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Copyright Guide for Faculty: FAQs

Can I use the following?

Q: Can I use images from Google Earth?
Yes, you can as long as you provide proper attribution and do not redistribute or sell (non-commercial use) any part of the product or content.  For additional information please refer to the Using Google Maps, Google Earth and Street ViewGoogle Earth Agreement, and Google Earth's Privacy Policy.

Q: Can I use images found on the Internet in PowerPoint?
Instructors can display images from the internet in PowerPoint presentations as long as they are not breaking a technological protection measure (TPM)* and there is not "clearly visible notice" prohibiting copying. Instructors may also handout copies of the presentation to students and use these images in online courses. 
*Examples of technological protection measures (TPM) include passwords, copy blocking and regional encoding.

Q: Do I need permission to link to a website?
Content on the web is protected by copyright (copyright symbol is not necessary). If the material you wish to link to is not infringing copyright, you may link directly to the page. If you wish to reproduce any material found on the site, read the ‘Terms of Use’ or ‘Terms and Conditions’  before proceeding.  If permission is needed, contact our Library who will seek permission on your behalf.

Q: Can I embed YouTube videos on a course management system (e.g. BlackBoard)?
The terms of use for the "Standard YouTube License" reads as follows, below.  As we are an educational institute, that is considered non-commercial, we can link to the video (as long as it is legal) or embed the video:

4. General Use of the Service—Permissions and Restrictions

YouTube hereby grants you permission to access and use the Service as set forth in these Terms of Service, provided that:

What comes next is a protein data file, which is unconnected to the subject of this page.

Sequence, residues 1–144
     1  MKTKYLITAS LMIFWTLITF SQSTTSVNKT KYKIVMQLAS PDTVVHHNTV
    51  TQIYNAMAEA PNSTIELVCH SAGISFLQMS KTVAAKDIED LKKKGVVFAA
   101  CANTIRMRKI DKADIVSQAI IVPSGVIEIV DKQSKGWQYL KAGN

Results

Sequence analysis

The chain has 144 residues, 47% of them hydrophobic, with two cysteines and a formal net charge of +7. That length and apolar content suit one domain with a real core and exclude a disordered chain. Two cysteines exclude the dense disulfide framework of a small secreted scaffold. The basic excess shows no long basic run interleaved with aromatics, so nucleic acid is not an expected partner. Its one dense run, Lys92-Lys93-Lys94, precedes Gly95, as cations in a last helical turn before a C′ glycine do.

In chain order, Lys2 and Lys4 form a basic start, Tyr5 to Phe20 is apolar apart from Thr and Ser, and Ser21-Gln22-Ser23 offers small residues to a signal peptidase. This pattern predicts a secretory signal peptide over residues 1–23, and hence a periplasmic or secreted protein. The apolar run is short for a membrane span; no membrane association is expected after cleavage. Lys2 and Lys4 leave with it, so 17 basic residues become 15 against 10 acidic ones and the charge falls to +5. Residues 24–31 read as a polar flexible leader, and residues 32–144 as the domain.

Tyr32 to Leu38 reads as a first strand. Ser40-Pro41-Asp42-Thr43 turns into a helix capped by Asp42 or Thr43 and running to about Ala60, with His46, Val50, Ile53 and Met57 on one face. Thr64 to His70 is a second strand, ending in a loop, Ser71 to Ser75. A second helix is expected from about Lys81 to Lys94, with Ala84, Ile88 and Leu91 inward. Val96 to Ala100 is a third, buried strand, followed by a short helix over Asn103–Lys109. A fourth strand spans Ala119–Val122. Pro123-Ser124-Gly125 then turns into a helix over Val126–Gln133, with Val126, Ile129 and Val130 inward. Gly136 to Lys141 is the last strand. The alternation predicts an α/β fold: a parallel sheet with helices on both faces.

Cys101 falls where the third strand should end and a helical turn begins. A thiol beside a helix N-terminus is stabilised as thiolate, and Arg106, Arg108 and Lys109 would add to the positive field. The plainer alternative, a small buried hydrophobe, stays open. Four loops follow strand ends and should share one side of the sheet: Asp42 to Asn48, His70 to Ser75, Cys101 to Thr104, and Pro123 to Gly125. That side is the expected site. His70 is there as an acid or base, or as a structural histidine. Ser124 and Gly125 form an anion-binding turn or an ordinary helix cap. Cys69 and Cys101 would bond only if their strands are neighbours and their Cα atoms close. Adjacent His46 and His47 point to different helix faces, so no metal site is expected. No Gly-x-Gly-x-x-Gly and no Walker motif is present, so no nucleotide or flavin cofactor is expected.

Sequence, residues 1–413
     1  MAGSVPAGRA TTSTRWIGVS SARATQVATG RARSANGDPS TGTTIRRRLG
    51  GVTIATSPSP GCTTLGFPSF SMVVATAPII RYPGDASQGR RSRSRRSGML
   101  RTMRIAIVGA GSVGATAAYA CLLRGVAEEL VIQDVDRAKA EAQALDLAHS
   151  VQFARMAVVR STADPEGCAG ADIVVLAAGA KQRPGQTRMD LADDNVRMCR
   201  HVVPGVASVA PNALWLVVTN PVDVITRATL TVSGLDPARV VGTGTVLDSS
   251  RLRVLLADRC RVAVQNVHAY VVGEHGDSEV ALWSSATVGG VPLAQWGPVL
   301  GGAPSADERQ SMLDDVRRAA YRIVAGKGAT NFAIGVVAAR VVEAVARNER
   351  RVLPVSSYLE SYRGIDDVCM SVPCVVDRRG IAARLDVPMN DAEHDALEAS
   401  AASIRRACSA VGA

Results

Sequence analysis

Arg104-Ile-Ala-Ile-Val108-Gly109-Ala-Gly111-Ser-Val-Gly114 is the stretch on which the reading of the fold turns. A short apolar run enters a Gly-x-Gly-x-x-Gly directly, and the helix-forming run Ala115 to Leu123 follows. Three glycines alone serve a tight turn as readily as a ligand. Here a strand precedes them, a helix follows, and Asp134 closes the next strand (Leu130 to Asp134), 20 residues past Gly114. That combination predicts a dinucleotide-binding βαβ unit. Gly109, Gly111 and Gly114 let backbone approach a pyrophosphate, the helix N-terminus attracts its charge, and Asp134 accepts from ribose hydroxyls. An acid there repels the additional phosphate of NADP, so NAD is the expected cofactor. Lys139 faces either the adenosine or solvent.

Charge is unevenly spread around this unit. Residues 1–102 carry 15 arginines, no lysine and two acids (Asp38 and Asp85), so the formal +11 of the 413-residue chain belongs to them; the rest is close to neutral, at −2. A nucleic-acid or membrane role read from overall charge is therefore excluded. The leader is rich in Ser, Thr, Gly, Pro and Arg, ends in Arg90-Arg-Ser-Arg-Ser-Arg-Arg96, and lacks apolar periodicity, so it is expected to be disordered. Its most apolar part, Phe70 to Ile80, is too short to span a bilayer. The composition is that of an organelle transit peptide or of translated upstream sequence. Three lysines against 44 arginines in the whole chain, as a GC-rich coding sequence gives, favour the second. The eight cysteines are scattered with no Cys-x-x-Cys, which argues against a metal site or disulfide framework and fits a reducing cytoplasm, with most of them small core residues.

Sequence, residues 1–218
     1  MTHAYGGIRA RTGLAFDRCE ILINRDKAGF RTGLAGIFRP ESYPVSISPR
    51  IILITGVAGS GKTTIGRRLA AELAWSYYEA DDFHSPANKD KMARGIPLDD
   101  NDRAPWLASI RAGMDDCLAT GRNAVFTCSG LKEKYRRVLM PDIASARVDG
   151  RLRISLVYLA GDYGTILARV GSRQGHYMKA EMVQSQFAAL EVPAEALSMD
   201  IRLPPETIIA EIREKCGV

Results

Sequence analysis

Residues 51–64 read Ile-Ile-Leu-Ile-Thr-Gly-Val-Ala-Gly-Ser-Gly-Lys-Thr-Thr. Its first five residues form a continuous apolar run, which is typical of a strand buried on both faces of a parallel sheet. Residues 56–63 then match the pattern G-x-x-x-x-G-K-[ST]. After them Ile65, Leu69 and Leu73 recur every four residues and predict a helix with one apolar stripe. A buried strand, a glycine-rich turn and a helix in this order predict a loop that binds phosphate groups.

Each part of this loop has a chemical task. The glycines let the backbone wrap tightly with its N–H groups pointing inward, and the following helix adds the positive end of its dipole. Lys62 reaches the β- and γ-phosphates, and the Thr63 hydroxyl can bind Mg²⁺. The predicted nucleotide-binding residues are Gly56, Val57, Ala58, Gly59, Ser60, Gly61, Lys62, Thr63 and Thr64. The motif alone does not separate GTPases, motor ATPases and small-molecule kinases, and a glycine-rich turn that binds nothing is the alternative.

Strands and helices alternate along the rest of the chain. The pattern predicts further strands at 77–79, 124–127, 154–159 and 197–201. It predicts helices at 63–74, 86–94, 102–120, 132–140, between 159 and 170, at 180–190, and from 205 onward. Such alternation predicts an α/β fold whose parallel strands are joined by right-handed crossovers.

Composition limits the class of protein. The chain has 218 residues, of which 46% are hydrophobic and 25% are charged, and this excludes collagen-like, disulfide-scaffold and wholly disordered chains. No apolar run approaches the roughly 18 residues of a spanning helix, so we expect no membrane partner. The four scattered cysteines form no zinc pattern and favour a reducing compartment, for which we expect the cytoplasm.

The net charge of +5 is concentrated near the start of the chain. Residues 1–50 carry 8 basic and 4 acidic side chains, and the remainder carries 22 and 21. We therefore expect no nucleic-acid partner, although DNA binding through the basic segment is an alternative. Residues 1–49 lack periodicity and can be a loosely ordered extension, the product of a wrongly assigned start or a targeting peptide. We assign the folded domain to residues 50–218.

1. You agree not to distribute in any medium any part of the Service or the Content without YouTube's prior written authorization, unless YouTube makes available the means for such distribution through functionality offered by the Service (such as the Embeddable Player).

  2. You agree not to alter or modify any part of the Service.

  3. You agree not to access Content through any technology or means other than the video playback pages of the Service itself, the Embeddable Player, or other explicitly authorized means YouTube may designate.

  4. You agree not to use the Service for any of the following commercial uses unless you obtain YouTube's prior written approval:

    • the sale of access to the Service;

    • the sale of advertising, sponsorships, or promotions placed on or within the Service or Content; or

    • the sale of advertising, sponsorships, or promotions on any page of an ad-enabled blog or website containing Content delivered via the Service, unless other material not obtained from YouTube appears on the same page and is of sufficient value to be the basis for such sales.

Q: Can I create Mash-ups?

According to the Copyright Toolkit, prepared for Colleges and Institutes Canada by Wanda Noel and Jordan Snel:

Section 29.21 of the Copyright Act contains a users' right permitting anyone, not just students and instructors, to use copyright-protected works to create new works.

This users' right is referred to in the Copyright Act as "non-commercial user-generated content."

The following conditions apply to the creation of non-commercial user-generated content.

  • it may only be used for non-commercial purposes
  • the original source must be mentioned, if it is reasonable to do so
  • the original work used to generate the content must have been acquired legally
  • the resulting user-generated content does not have a "substantial adverse effect" on the market for the original work.